(DO NOT) Check Your Personal Baggage at the Door

Many years ago during the course of a performance review discussion, a manager at a previous employer told me that I needed to “check my personal baggage at the door.” Apparently my life was getting in the way of my work.

As a young man relatively new to the workforce, the statement made a lot of sense. I was dealing with some personal issues that, at that time, felt overwhelming and highly stressful. The unintended consequence was that this impacted my attitude and availability. Therefore, the only logical solution was for me to pretend that my issues didn’t exist the minute that I walked in the door to start my work day. And then when I left work, I could pick up my life-luggage that had been waiting for me at the door.

Makes perfect sense…right?

Fast forward a few years, and a couple like-minded employers later, and I found myself here. It was a strange new world. Suddenly, I was working for an organization and managers that actually seemed to care about the personal well-being of their employees. After years of on-the-job training learning NOT to discuss my personal issues, I was inexplicably partnering with people who took an active interest in me “the person,” not just in me “the hired help.”

For the first time in my professional life, I had managers who understood that it’s unrealistic and unreasonable to simply pretend that your personal life will vanish for the magical eight hours that you’re in the office. Not only did they understand this, they wanted to know how they could support you and accommodate your needs. As a side note, I pinched myself and was able to confirm that yes I was in fact awake.

I’ve now been here seven years and still am not completely deprogrammed from my old way of thinking. After all, my problems are MY problems. But it’s comforting to know that when I need to open up about a personal situation and ask for help, I’m in a safe environment to do so.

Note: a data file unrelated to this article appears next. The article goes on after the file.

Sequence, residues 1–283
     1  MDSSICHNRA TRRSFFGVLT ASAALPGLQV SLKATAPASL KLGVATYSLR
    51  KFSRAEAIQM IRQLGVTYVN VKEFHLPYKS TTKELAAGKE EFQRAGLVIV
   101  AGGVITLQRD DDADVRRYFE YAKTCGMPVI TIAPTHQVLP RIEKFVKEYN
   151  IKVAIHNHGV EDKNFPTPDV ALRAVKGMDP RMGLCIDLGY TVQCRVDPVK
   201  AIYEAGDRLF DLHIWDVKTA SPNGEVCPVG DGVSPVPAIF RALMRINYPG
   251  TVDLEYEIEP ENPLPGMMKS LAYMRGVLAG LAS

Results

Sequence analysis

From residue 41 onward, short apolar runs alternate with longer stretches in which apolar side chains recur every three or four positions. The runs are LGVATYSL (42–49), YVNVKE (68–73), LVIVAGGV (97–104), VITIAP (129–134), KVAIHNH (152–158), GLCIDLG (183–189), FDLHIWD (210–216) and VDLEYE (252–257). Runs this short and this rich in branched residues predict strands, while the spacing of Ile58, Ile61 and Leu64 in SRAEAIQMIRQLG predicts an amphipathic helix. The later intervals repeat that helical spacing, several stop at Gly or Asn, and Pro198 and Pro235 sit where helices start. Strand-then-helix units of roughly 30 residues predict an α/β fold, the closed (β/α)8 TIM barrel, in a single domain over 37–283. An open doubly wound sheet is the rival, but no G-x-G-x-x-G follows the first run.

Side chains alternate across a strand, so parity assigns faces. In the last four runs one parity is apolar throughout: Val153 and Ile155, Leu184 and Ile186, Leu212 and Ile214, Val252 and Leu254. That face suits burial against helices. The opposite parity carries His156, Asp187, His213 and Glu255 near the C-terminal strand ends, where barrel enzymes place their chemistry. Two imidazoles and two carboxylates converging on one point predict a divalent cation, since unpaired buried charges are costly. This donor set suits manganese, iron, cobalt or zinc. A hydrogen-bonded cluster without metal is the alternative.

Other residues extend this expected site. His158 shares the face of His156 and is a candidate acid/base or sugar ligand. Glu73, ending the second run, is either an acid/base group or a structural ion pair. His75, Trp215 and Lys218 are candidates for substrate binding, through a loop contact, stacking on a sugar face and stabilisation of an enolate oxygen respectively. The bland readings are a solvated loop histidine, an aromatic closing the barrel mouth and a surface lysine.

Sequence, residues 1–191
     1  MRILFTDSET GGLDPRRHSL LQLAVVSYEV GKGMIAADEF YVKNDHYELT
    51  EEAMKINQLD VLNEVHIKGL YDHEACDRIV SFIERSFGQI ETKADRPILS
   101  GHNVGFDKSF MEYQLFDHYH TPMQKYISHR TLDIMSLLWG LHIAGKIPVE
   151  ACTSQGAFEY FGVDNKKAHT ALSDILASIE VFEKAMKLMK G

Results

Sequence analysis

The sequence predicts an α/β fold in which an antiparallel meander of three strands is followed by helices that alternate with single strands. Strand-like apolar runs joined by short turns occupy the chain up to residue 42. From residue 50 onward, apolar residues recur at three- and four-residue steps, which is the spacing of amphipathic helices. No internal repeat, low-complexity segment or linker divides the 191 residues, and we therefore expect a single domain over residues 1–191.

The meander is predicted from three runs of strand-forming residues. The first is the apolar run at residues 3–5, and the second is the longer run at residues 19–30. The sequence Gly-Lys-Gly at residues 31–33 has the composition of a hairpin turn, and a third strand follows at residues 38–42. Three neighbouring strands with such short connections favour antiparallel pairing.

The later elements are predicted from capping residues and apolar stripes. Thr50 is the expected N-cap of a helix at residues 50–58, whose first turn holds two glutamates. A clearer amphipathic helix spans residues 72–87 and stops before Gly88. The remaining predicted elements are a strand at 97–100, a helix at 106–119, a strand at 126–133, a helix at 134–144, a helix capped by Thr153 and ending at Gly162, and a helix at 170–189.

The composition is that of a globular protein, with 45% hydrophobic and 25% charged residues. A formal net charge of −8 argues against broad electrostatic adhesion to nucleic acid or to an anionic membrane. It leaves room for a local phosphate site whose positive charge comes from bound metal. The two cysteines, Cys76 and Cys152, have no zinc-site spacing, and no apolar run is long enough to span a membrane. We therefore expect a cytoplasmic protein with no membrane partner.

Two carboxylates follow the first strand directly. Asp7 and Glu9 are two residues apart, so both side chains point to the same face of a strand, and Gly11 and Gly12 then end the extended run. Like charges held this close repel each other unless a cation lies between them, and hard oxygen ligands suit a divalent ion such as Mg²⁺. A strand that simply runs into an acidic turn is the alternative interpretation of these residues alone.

Generally speaking, if there is one simple takeaway that I’ve had over these last several years it’s that if you’re happy and healthy in your personal life, you’re much more likely to be positive and productive in your professional life.

Now THAT makes perfect sense.

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  • Comments (2)
    • Scott Patchin
    • November 22nd, 2010

    Adam,
    I love the post – especially because I had a similar discussion with a friend this weekend. I was sharing with him about a similar thing I just blogged about – Why the comment “There is not I in team” is wrong, and he shared his story about young manager coming up to him and saying “The problems of my people are driving me crazy”. He listened and then shared back that knowing what is going on with your team is your job.

    I still share Ken’s definition of leadership (Working with people to accomplish their goals and the goals of the organization) because it stresses how important it is to know what our people want. I would add that many of the generational issues might even go away if people would just listen a little bit more and ‘seek to understand’ versus ‘seek to convince others why they are wrong’.

  1. I dont disagree with this article.

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